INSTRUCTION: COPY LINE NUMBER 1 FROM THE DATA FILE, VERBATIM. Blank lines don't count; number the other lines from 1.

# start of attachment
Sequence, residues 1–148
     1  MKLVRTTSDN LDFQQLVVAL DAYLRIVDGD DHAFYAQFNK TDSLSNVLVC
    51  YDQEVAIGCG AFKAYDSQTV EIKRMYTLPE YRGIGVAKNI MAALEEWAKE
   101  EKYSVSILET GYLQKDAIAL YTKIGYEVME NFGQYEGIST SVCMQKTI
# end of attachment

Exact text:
Sequence, residues 1–148